The government's review of consultant suspensions is considering proposals for a 12-month limit to control the 'inordinate amount of time' devoted to some cases.

The review, ordered by former health minister Alan Milburn last October, is looking at plans for an automatic review of all suspensions lasting more than a year.

Suspensions should be lifted if bodies could not prove 'exceptional reasons' to prolong investigations, Department of Health officials told the Commons health select committee during a hearing about its inquiry into adverse incident procedures.

Head of branch employment issues Robin Heron said: 'As a matter of principle, suspensions should not go on for more than 12 months without good reason.

'At that point there needs to be some sort of review of the situation... only exceptionally should a suspension continue.'

A consultation document 'later this year' will follow a report to ministers due 'very soon', the DoH said. Mr Heron said 'increasing concern... particularly about the inordinate amount of time' some suspensions lasted had led officials to identify a number of areas for improvement.

These included avoidance of suspensions via the early detection of potential problems and earlier action - such as increased supervision of underperforming doctors.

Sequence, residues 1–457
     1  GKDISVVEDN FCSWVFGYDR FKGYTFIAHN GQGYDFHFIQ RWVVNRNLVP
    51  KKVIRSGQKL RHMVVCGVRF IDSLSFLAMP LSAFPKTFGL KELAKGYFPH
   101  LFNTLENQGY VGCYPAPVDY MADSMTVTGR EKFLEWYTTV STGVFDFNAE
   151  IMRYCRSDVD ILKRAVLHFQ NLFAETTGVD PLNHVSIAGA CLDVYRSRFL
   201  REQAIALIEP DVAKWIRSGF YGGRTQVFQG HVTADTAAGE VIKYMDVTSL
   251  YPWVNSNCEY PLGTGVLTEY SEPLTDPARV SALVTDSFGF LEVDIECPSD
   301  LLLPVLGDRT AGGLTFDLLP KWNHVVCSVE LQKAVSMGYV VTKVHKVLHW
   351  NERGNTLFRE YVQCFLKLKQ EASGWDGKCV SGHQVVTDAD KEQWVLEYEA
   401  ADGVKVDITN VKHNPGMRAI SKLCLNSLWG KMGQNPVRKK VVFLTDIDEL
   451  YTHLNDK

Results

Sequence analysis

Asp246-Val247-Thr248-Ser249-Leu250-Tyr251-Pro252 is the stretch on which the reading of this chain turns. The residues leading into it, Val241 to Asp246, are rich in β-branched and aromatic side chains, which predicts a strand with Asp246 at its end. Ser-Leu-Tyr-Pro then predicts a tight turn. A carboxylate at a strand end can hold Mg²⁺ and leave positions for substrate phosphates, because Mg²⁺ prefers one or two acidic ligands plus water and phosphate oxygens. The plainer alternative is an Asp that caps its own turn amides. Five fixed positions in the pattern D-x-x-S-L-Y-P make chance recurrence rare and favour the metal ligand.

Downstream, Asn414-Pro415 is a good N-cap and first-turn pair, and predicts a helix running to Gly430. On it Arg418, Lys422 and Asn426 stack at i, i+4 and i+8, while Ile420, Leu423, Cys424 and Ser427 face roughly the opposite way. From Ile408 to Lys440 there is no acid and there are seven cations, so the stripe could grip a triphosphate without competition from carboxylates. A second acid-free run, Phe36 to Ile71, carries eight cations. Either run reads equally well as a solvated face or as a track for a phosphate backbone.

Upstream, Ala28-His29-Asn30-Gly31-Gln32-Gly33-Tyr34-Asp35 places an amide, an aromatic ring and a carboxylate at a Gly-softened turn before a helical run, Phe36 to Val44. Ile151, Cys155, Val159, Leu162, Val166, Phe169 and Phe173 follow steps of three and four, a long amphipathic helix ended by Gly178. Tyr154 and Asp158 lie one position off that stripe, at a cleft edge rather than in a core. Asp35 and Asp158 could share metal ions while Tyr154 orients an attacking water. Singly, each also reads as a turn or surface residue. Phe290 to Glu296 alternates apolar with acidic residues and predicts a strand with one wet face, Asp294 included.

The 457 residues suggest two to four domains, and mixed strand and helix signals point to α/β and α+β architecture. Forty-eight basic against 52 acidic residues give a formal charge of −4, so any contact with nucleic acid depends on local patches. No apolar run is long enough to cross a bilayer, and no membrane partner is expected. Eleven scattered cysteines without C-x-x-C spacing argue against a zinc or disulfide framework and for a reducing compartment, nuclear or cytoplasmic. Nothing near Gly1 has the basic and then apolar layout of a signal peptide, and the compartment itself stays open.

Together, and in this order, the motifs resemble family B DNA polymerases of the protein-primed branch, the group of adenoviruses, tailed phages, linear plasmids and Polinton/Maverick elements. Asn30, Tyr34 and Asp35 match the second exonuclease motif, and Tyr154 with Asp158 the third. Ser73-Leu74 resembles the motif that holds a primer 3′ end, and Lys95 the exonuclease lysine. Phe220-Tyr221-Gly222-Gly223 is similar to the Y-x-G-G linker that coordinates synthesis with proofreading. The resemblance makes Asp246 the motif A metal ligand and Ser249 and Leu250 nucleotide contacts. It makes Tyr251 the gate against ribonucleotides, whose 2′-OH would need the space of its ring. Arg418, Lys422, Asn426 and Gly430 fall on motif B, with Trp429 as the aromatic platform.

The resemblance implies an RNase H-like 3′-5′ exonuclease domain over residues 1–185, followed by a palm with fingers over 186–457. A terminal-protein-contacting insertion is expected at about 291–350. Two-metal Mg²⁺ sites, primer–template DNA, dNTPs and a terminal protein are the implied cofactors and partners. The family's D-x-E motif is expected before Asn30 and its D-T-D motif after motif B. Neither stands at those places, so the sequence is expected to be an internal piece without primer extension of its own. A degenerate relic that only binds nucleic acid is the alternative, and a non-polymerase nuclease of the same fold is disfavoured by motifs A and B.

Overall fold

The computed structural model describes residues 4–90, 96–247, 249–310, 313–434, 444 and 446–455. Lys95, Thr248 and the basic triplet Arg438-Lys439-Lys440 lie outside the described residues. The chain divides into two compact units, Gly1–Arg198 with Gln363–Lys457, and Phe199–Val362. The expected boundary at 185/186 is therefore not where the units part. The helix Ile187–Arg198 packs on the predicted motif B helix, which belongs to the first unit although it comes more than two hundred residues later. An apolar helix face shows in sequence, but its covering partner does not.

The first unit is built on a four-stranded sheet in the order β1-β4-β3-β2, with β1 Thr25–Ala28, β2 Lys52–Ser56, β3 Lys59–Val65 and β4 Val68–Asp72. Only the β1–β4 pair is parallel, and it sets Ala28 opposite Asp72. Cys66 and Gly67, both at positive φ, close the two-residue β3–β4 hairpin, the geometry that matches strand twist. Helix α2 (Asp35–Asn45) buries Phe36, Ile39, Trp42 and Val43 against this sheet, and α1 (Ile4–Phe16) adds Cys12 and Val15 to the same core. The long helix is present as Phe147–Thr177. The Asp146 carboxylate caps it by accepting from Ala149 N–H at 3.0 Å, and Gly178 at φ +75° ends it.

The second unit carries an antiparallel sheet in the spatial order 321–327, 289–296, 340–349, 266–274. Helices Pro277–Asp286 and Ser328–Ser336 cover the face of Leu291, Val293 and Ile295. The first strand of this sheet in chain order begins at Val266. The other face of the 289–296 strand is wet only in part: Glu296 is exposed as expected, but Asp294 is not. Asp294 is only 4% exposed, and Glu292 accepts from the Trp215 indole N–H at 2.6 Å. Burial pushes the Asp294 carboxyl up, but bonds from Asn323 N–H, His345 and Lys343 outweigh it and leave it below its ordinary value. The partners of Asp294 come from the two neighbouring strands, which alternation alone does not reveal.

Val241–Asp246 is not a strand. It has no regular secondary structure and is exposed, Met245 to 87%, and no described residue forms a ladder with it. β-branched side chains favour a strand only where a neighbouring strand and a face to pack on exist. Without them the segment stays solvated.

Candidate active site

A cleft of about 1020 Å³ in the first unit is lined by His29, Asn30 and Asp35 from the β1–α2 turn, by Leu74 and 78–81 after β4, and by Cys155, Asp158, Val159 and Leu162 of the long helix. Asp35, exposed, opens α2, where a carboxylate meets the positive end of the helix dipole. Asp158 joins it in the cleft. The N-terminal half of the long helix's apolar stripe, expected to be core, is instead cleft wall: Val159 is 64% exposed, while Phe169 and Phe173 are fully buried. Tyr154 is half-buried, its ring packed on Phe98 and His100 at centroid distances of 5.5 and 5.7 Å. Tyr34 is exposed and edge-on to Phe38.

He said current guidance to trusts encouraging this route should be 'strengthened'.

He told the committee that he was 'not aware of any increase in the number of suspensions'.

But he admitted that the DoH did not collect figures for suspensions lasting less than six months.

The lack of available data on issues surrounding adverse incidents angered committee members, who criticised what they called a 'laid back' and 'pass the buck' attitude.

DoH head of corporate affairs Martin Staniforth told the committee he did not think the number of adverse clinical incidents had increased in recent years. But he admitted: 'I don't think we have figures that we could use to track the number of adverse incidents over time.'

MP David Amess told fellow committee members: 'I for one have not been reassured at all. I would have thought this would have been a major responsibility for the department.'

Earlier, committee chair David Hinchliffe queried regional office arrangements for reporting incidents by trusts and primary care goups. Mr Staniforth told him that reporting procedures 'may well vary from office to office', while responsibility to initiate action would lie 'for most of the problems' with trusts.

Committee member Audrey Wise replied: 'Your answer implied there is quite a variation in the way offices handle these things - and also that you weren't too aware of how they were handling things.

'I would have thought steps would have been taken to find the best way of handling these matters.'